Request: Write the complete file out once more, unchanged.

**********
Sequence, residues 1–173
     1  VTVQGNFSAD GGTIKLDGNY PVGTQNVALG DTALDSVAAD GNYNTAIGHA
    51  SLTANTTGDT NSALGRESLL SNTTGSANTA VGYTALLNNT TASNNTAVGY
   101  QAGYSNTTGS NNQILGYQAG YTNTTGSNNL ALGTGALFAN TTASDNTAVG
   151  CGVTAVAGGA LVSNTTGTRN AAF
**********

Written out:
Sequence, residues 1–173
     1  VTVQGNFSAD GGTIKLDGNY PVGTQNVALG DTALDSVAAD GNYNTAIGHA
    51  SLTANTTGDT NSALGRESLL SNTTGSANTA VGYTALLNNT TASNNTAVGY
   101  QAGYSNTTGS NNQILGYQAG YTNTTGSNNL ALGTGALFAN TTASDNTAVG
   151  CGVTAVAGGA LVSNTTGTRN AAF